26 June 2019

The wild jobs of mathematicians: cyber threat detection, computer game design and billion figure investing


Many mathematicians have unsuspecting jobs. Some ward off cyber-attacks, others juggle billions. The range of jobs available and demand for number crunchers is high and unemployment virtually non-existent.

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29-year-old Lise Volsing Smith spends her days protecting governments, public agencies and companies from cyber-attack:

"I work on systems that detect cyber threats for our clients. For example, alarms that indicate times of heightened risk. The work involves a tremendous amount of mathematical method, such as reading and understanding code written by others. It’s great to apply one’s professional skills towards something that benefits society and is exciting," says Volsing Smith. She works for CSIS Security Group, a Danish cyber security firm that, among other things, develops threat intelligence services for some of the world's largest companies.

Lise Volsing Smith earned her MSc in mathematics from the University of Copenhagen in 2014 and went almost directly from the exam table to her job site. "With my educational background, finding work is not difficult. It seems as if more and more sectors are opening up their eyes to us mathematicians."

Morten Tolver Kronborg holds an MSc and PhD in actuarial mathematics from the University of Copenhagen and uses his math know-how to manage billions in investments for ATP pensions. From his perspective as Director of ATP’s Team Investment Strategy, he comments:

"My department designs strategy for the group's investments, which amount to nearly DKK 800 billion. Behind the strategy is a huge amount of data that we have systematized and calculated our way through to predict good business decisions. Thus, the most important aspect of my job is to be outstanding at mathematics."

Companies ravenous for mathematicians

According to the Confederation of Danish Industry, Morten Tolver Kronborg and Lise Volsing Smith are among the most sought-after workers in the Danish labour market.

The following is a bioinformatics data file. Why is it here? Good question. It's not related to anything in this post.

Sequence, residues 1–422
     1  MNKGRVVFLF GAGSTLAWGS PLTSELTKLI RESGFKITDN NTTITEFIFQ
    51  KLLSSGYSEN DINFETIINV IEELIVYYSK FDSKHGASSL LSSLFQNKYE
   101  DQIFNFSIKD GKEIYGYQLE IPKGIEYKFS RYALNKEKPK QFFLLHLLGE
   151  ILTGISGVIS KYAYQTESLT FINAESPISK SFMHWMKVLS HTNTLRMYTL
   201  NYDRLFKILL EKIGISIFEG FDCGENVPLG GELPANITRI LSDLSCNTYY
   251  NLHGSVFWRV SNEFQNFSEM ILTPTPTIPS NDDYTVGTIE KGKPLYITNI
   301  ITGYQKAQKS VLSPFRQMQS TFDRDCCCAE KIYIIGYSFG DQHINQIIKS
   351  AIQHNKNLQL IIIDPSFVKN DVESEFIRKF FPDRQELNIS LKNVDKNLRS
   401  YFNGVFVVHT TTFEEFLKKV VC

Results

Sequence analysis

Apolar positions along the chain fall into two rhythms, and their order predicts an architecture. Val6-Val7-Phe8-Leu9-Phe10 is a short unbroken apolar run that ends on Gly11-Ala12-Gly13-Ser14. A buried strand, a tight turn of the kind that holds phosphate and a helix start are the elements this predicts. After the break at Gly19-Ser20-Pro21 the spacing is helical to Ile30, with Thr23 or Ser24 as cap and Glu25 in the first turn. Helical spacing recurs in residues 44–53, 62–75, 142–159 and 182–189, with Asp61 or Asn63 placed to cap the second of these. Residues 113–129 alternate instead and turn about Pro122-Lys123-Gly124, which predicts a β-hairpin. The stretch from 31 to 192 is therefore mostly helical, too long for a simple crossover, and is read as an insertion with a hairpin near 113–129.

"In a way, it could be said that this is the era of the number cruncher. There is an extremely high demand among companies for math competencies. This applies broadly, from the wind turbine industry to law firms to small startups," according to Mette Fjord Sørensen, Head of Research, Higher Education and Diversity at the Confederation of Danish Industry.

A survey from 2018-19 reports that Danish business leaders identify lack of necessary skills as the greatest barrier to realising their digital ambitions. Across companies and sectors, there is a general shortage for specialists who can manage and analyze large, complex amounts of data.

"More and more companies need to figure out how to make products that compliment the digital reality. So, those who can perform in this area, mathematicians for example, are coveted. New job types for people with math skills will continue to expand - that’s a given," says Mette Fjord Sørensen.

The job range is wide

According to Michael Sørensen, Head of Department at the University of Copenhagen’s Department of Mathematical Sciences, the mathematicians educated at the university are falling into a broadening array of job types:

"During one’s mathematics education, students are deeply into mathematics and trained to think abstractly and rigorously to solve extremely difficult assignments. One also develops an eye for well-hidden links and connections. The skills acquired over the course of one’s university mathematics studies open up a great many doors for exciting lines of work," says Michael Sørensen.

He adds: "We have graduates working with artificial intelligence, developing computer games, modern software for the financial sector, testing pharmaceuticals and engaged in many other important things. Math studies deliver access to a much broader range of jobs than most people would think, and we are constantly striving to educate more people to contribute solutions towards the many problems that accompany the digitalisation of society."

The unemployment rate for mathematics graduates from the University of Copenhagen in 2015 was 0.5% during the first 4-7 months. For 2016 graduates, it was 3.1%, corresponding to 1 person out of 42. (Statistics for subsequent years have not yet been compiled.)